Analyses of all data obtained by way of the questionnaires and semi-structured interviews made it possible to identify two broad current “need” categories: autonomy and interpersonal relationships. Adolescents with a moderate to severe TBI expressed that adequate response to these needs would lead to full social participation.

Figure 3. Percentage of each group (the larger the circle, the higher the percentage) according to their level of achievement of life habits (9 is optimal level of achievement) and connected to the satisfaction of achieving the life habit (the darker circle, the more life is unsatisfactory).

Table 1. Need categories that are considered to be priorities according to inter-rater agreement and related life habits.

The following verbatim examples to the question “How do you see yourself in 10 years?” well illustrate their projections into the future:

“Studying and with a part-time job to pay my studies. With a girlfriend. Living in an apartment or maybe a college dorm room.” (16-year-old boy)

“In a relationship with a girl, with a job or maybe studying.” (14-year-old boy)

“Living in an apartment with my boyfriend, with a nice job.” (15-year-old girl)

“I imagine a normal life like everybody else.” (14- year-old boy)

“With kids, with a family”. (18-year-old boy)

“In 10 years, I’ll be all better and will live like everybody else does.” (15-year-old boy)

3.6. Projected Level of Life Habit Accomplishments in the Future

Analyses of adolescents’ perceptions of their level of life habit accomplishments in the future makes it possible to identify how they foresee their performance related to general life habits in adulthood (Figure 4). The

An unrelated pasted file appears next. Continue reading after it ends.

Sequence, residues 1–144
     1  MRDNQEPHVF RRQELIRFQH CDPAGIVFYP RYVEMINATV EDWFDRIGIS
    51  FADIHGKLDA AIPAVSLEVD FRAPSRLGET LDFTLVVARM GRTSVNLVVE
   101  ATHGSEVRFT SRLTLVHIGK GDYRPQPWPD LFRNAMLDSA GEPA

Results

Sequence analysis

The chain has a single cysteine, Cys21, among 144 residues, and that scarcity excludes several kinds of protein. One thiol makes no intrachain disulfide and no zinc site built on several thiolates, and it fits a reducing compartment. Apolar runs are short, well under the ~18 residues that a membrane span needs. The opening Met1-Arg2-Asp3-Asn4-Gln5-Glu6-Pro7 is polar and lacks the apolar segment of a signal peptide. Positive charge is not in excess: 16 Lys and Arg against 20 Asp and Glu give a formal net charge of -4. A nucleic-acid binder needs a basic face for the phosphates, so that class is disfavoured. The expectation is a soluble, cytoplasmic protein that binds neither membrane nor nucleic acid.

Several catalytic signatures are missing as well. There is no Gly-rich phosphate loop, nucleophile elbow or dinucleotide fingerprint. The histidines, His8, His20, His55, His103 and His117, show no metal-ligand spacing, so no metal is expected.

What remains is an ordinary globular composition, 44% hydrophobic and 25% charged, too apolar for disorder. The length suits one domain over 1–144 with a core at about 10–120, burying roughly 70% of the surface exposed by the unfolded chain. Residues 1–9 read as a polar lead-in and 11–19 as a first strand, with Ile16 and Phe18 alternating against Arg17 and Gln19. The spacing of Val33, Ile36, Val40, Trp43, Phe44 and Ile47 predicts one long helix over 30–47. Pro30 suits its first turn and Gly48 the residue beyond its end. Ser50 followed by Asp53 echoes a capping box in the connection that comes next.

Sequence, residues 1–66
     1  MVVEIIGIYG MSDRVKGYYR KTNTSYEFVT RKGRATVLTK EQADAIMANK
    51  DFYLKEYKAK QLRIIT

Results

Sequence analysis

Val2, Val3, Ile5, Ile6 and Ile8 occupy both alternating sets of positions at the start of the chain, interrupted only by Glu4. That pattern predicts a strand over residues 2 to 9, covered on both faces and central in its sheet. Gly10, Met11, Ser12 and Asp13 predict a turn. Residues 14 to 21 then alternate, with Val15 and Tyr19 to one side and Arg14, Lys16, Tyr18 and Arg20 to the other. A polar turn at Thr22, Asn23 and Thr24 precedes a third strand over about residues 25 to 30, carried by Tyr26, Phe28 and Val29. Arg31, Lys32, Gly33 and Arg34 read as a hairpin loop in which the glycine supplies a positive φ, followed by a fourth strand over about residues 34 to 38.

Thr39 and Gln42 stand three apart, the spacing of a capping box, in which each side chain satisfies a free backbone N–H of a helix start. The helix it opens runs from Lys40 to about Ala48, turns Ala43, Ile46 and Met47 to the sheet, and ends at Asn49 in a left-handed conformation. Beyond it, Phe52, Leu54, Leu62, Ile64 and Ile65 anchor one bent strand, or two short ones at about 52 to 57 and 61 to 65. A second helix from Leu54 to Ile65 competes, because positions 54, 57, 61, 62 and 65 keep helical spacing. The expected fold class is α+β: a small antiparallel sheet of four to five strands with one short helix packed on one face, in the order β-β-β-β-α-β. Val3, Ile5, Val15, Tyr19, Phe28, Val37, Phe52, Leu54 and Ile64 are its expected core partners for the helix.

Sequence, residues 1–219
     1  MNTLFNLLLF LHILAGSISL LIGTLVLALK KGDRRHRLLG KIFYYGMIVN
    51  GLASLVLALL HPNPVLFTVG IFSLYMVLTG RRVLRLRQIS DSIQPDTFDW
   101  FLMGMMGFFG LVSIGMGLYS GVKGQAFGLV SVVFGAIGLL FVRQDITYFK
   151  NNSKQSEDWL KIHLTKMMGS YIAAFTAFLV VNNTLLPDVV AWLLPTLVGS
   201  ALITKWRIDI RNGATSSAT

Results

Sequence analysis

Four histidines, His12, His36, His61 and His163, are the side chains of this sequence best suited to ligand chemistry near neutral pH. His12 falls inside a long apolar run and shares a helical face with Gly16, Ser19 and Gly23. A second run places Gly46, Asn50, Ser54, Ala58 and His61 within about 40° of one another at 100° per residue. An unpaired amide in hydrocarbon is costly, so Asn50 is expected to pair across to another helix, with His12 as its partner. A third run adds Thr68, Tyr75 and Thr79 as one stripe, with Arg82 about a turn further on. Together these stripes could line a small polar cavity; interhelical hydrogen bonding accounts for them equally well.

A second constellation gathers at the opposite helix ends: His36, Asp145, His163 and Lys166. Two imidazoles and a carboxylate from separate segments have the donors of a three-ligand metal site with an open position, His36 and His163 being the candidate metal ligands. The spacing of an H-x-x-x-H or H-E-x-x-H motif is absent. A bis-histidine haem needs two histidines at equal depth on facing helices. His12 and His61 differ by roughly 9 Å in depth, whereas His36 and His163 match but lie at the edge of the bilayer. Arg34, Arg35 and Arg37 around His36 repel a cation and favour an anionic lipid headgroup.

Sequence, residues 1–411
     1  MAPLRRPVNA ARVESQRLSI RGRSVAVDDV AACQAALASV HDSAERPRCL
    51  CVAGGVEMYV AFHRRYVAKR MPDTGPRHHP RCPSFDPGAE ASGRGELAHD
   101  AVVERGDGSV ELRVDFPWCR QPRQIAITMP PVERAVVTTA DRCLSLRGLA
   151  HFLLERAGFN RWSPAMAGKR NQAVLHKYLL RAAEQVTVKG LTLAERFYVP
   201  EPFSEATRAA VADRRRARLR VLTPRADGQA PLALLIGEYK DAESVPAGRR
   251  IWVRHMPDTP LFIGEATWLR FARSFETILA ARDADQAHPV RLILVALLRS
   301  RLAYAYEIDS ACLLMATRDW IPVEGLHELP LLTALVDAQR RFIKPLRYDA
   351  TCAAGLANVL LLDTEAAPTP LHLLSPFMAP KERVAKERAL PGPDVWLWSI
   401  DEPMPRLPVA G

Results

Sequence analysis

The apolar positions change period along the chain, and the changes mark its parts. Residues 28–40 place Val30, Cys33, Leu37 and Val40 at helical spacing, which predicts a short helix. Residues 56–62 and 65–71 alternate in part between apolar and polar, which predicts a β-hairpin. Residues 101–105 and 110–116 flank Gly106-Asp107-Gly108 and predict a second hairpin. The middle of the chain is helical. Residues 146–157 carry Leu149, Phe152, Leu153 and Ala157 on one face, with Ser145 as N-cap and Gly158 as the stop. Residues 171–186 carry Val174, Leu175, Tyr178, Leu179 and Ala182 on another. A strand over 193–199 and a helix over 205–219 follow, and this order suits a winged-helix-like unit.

Table 2. Unsatisfying life habits and strategies evoked by participants to improve satisfaction level.

Figure 4. Percentage of each group (the larger the circle, the higher the percentage) according to their level of achievement of life habits that they envision in the future (9 is optimal level of achievement).

findings suggest that contrary to their current accomplishment levels presented in Figures 2 and 3, a high projection of life habit accomplishment was generated, except for the “Education” life habit, which was projected to be less accomplished and which presented greater variability in expected levels of accomplishments.


The general objective of this study was to identify the specific needs of adolescents and young adults aged 14 to 20, who have suffered a moderate or severe TBI, with regard to their current level of life habit accomplishments and the means that would enable them to improve their performance on those life habits considered most unsatisfying. It also aimed to examine how these same individuals see themselves in the future.

4.1. Impact of the Level of Severity

It is recognized that the severity of a TBI affects the recovery of cognitive functions [8]. It also seems that it has an impact on the achievement of certain life habits [4,5]. Some of those habits appear to be disturbed in youths with moderate as well as those with severe TBIs, such as using a bicycle or a car, engaging in activities related to learning, vocational training, homework assignments, the preparation of meals and all activities related to work. The findings also indicated that some life habits are more disturbed for young people with severe TBIs, primarily in terms of communication: entertainment, most activities related to organizing, planning and the practice of sports activities, interpersonal relationships e.g. maintaining relationships with friends and siblings as well as responsibilities like managing pocket money, using a credit card and making purchases.